Monday, November 26, 2018

PA Supreme Court recognizes employer duty to safeguard employee data

Right before Thanksgiving, the Supreme Court of Pennsylvania (SCOPA) issued its opinion in Dittman v. UPMC.

UPMC employees alleged that "a data breach had occurred through which the personal and financial information, including names, birth dates, social security numbers, addresses, tax forms, and bank account information of all 62,000 UPMC employees and former employees was accessed and stolen from UPMC’s computer systems." They further alleged that the data was used to file fraudulent tax returns. Do they have a valid claim?

Two primary issues: (1) Did UPMC actually owe them a duty recognized by law? and (2) Does the "economic loss doctrine" preclude the lawsuit?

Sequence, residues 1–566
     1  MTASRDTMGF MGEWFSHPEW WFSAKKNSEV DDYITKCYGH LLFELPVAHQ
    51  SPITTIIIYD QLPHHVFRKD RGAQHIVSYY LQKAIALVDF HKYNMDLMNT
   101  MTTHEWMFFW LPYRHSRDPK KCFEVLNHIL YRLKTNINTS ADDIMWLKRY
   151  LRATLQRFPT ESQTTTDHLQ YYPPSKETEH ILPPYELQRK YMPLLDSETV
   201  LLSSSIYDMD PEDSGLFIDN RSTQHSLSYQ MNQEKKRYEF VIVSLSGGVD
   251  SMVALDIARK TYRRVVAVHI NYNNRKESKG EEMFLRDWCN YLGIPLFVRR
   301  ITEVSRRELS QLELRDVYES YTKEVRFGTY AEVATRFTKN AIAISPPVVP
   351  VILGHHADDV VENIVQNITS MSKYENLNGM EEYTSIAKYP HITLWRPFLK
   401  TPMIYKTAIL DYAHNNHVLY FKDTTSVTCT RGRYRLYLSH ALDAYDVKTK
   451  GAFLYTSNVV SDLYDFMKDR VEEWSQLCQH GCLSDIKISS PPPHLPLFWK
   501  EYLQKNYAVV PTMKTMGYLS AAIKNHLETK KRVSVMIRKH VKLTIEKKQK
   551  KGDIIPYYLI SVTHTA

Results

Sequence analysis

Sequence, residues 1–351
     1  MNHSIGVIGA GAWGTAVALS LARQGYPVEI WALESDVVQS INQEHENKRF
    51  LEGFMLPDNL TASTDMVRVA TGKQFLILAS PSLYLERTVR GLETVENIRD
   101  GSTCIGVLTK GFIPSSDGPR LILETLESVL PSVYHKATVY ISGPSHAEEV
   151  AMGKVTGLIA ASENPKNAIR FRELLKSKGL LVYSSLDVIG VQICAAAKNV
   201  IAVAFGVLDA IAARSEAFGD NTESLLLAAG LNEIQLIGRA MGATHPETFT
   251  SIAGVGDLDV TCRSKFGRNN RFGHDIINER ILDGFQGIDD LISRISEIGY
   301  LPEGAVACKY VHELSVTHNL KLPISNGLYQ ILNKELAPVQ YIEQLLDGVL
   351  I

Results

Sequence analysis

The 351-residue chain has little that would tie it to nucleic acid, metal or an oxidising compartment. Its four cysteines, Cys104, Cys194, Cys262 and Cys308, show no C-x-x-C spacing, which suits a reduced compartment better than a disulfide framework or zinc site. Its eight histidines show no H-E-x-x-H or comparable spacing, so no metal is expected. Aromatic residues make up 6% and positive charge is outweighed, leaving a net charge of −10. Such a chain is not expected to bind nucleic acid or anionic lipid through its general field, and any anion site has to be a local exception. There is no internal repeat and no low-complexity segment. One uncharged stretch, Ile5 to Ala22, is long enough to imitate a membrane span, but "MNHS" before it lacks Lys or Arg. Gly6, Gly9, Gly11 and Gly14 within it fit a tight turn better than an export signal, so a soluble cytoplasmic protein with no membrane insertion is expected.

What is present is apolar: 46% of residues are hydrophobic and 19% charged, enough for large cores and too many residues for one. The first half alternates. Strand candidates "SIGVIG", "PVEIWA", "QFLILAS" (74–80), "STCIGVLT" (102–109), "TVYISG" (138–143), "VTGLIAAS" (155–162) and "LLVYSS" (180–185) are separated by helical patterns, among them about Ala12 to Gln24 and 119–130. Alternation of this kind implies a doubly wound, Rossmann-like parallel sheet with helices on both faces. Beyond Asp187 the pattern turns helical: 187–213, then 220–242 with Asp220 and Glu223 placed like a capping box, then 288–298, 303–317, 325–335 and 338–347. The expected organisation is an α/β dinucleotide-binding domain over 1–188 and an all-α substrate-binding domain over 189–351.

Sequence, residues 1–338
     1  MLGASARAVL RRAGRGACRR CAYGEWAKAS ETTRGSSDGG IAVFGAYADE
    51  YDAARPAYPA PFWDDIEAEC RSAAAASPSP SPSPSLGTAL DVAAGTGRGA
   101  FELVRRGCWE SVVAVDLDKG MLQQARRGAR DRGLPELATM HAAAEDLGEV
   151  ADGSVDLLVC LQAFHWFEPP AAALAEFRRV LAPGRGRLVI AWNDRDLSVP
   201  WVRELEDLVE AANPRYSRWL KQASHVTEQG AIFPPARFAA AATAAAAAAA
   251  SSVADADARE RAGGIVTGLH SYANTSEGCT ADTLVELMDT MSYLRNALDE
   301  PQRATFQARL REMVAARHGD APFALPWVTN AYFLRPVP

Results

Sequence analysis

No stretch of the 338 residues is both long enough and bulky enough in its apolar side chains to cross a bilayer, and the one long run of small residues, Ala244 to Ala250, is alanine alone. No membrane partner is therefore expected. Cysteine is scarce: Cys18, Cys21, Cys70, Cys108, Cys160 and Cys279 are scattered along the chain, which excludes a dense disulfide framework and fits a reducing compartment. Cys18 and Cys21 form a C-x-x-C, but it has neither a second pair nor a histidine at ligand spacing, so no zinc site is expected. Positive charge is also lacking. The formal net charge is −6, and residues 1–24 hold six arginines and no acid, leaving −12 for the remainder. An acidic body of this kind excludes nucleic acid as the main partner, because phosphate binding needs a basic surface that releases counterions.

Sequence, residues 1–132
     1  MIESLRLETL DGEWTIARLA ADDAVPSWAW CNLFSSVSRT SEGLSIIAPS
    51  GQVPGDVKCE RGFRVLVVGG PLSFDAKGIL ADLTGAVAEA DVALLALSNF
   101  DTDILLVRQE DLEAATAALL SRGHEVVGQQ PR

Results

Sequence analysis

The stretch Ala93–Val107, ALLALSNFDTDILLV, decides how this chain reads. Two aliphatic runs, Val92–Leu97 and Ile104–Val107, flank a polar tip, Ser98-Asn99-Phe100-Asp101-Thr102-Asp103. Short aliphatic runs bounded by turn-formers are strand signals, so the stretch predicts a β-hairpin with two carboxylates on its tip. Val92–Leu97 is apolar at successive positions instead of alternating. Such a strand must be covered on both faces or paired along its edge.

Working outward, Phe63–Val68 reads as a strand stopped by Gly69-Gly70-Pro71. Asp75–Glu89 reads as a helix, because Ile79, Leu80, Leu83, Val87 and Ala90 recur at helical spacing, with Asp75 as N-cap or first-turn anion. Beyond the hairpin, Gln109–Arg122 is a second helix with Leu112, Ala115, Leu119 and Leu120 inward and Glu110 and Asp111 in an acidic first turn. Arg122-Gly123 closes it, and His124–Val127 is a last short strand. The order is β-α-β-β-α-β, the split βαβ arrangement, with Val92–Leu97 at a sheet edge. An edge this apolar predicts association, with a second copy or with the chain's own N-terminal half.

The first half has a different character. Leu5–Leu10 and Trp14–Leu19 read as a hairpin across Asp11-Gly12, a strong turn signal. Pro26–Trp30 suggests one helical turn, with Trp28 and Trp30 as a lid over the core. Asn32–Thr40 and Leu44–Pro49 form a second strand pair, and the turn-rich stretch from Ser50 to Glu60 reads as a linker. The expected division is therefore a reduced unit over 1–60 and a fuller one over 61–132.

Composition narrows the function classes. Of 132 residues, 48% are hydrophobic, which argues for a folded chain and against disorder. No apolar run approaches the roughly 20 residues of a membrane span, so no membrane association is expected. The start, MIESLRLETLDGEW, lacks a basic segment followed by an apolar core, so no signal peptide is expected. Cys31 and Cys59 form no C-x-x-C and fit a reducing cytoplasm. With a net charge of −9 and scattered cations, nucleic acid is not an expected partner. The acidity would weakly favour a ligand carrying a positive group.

The Court held that "an employer has a legal duty to use reasonable care to safeguard its employees’ sensitive personal information that the employer stores on an internet-accessible computer system." We don't know exactly what that means yet - but a duty to use reasonable care exists.

For the second issue, the Court addressed the economic loss doctrine, which precludes negligence lawsuits where the only damage is economic (i.e. no physical injury or property damage). The Court ultimately concluded that "recovery for purely pecuniary damages is permissible under a negligence theory provided that the plaintiff can establish the defendant’s breach of a legal duty arising under common law that is independent of any duty assumed pursuant to contract."

The big takeaway here is that employers must use reasonable care to protect employee data - and, if they don't and the data gets compromised, those employees have a leg to stand on in court.

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